The Gladioli Revolution

Saturday, April 3, 2010
Please read this moving perspective from Havana by Lucas Garve of the Foundation for Freedom of Expression.

It is on the "Ladies in White" and their inspirational struggle, which is clearly reverberating throughout the island.

The Power of Flowers

In the street, many people stopped me to ask me about them for most of this past week. They did so in a low voice, but making their indignation clear, in fact one young woman told me how much she had come to understand the manipulation of the state controlled media by the regime.

The majority of the people declared to me their rejection of the violent methods used by the repressive forces of the regime against this group of women dressed in white who walked though the streets of Havana giving away flowers to bystanders.

The Ladies in White honored their imprisoned husbands for the seven years for which they have endured suffering in Cuba's jails. They had to withstand the frontal attacks by mobs (Or Rapid Response Brigades, dressed in civilian clothing) organized by the repressive apparatus of the regime to make it seem as if though it was the "people themselves who rejected the Ladies in White."

This time, the attacks on the Ladies in White consisted of insults and direct physical violence. Hundreds of television viewers saw on TV the broadcasts of these events from stations in Miami which captured though illegal sources and video everything that occurred in Havana.

Not the Cuban baseball playoffs, not the news about the earthquake in Haiti, nor the newly taken stance of the European Union against the regime, was what was on the minds of those who saw the images on the TV of the regime's brigades against the Ladies dressed in white, at the entrance of the Church of Santa Barbara in the Havana neighborhood of Párraga, suburb south of the capital.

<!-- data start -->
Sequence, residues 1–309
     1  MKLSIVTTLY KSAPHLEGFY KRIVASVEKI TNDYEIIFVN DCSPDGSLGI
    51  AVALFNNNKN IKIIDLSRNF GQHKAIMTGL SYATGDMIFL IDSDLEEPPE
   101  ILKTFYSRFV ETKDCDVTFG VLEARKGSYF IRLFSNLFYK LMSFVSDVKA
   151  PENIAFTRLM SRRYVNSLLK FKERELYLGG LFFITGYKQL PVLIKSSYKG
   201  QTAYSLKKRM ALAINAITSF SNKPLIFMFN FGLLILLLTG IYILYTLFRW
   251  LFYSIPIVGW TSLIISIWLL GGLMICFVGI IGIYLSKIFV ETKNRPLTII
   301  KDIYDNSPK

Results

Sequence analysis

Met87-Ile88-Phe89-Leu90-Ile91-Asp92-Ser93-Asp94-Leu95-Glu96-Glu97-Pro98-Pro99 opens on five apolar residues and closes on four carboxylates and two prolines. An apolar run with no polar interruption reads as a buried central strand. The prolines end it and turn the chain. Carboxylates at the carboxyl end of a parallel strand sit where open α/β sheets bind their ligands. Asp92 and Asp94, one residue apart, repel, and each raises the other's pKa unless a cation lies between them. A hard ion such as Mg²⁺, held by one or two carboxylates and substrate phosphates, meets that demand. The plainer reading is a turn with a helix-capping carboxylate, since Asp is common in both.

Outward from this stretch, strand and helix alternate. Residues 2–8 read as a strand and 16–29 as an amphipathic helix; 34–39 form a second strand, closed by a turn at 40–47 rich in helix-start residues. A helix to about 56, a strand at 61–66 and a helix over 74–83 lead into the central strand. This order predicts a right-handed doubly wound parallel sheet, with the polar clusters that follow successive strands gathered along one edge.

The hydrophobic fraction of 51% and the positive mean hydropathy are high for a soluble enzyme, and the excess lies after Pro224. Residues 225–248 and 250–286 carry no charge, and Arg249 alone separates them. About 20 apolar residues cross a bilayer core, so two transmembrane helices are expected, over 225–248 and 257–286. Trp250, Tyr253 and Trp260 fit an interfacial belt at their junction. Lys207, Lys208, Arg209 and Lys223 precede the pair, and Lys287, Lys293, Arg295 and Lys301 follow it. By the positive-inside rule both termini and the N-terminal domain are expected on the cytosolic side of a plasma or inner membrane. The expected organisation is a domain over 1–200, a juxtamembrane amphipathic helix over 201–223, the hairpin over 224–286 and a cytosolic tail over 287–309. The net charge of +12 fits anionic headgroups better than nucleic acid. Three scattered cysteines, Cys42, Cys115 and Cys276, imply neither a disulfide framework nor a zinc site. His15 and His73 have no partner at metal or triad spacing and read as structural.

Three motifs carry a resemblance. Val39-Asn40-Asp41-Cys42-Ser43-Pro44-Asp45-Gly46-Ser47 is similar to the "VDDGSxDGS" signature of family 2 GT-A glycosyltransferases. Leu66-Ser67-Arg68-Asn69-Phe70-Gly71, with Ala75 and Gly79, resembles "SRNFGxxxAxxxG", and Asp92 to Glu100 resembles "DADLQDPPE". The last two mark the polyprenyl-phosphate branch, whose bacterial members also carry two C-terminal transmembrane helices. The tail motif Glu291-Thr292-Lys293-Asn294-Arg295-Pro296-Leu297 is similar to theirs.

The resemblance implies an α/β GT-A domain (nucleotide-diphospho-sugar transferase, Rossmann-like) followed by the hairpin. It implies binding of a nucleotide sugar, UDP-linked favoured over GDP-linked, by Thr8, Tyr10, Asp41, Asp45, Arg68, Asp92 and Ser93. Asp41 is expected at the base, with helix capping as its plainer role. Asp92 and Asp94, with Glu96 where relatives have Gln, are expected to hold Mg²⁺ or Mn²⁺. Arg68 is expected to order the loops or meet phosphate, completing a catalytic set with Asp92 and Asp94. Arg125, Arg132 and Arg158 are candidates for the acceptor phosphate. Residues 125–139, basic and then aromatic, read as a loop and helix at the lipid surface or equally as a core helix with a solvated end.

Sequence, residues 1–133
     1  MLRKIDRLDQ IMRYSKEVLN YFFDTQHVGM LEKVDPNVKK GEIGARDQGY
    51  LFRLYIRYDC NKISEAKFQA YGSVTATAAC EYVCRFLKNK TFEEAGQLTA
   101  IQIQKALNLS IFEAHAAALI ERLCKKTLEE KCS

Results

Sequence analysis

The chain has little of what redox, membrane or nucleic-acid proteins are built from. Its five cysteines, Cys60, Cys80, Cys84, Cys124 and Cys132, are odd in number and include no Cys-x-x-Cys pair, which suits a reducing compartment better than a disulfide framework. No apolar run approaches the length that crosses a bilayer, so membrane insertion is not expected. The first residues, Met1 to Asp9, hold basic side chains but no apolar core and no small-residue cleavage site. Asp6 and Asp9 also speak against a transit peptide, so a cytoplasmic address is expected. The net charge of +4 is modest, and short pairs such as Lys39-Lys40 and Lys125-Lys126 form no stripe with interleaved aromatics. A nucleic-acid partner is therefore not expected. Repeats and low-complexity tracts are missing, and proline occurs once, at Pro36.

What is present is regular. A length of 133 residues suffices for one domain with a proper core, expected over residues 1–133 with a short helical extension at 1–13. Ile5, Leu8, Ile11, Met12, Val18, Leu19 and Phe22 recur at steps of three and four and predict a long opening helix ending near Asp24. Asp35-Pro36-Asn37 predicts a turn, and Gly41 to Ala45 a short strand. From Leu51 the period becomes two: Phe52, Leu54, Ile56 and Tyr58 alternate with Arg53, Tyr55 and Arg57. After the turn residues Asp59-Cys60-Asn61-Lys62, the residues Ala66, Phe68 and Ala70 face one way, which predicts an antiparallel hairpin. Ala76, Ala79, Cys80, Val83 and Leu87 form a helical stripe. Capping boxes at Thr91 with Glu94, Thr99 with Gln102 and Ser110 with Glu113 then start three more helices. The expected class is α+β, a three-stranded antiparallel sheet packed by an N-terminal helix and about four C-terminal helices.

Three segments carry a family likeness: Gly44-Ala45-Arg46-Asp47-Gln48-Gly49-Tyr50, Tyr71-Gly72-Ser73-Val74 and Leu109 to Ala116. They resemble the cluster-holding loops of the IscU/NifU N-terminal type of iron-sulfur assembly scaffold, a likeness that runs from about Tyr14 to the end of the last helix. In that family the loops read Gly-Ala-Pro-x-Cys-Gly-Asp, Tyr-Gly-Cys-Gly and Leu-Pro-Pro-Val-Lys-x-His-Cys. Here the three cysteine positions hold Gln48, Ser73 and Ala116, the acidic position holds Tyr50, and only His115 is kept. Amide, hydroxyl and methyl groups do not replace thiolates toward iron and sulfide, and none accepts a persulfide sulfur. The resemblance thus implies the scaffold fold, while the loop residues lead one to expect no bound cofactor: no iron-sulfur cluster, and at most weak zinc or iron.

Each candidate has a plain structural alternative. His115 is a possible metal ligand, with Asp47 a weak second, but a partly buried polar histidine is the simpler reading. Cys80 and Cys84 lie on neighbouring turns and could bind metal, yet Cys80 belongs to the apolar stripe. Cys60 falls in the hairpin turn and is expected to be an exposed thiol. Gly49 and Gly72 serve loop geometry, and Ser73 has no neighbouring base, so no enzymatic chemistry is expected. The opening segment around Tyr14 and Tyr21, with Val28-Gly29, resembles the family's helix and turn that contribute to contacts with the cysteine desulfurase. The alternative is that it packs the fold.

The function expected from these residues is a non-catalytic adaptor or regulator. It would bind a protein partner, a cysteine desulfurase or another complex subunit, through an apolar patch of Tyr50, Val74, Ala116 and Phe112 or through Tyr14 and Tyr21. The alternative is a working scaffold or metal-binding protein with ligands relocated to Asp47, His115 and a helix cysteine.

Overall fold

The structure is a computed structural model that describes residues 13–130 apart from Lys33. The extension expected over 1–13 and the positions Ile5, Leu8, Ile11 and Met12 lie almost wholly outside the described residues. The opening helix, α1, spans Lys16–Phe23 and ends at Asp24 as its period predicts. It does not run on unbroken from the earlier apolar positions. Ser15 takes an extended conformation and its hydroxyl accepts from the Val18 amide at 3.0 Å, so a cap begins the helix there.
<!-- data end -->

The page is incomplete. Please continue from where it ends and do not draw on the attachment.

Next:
One observer said that the violence was directed not just against the Ladies in White, but also against the residents of Párraga, a poor neighborhood where discontent against the regime is more concentrated than in other parts of the city. The violence, used as a sort of warning against those who would dare to join the Ladies in White in their protest.

One mother said that it was amazing that a government that likes to say that it helps the poor of other countries would commit the brutalities it did against a group of women who only ask for the liberty of their husbands and who give out flowers. The woman was present in Coppelia one day when the Ladies in White appeared giving out flowers to people.

So powerful were the images transmitted by the Television broadcasts that one youth, disgusted by the violence of the government on TV, expressed that: "This illustrates the human degradation to which the government is willing to lower itself to in its desperation."

It is clearly a reflection of the crisis that drowns the lives of ordinary Cubans, governed by an elite that does not cease to dream about a perennial and eternal war (against the US), the only thing they have known how to do well. Because as we know it is easier to make war than to construct peace.

No one filled with this much hate can possibly restore the time lost by so many generations of Cubans. Much less if they are afraid of the power of flowers.

Translated from Spanish by UrbanGypsy.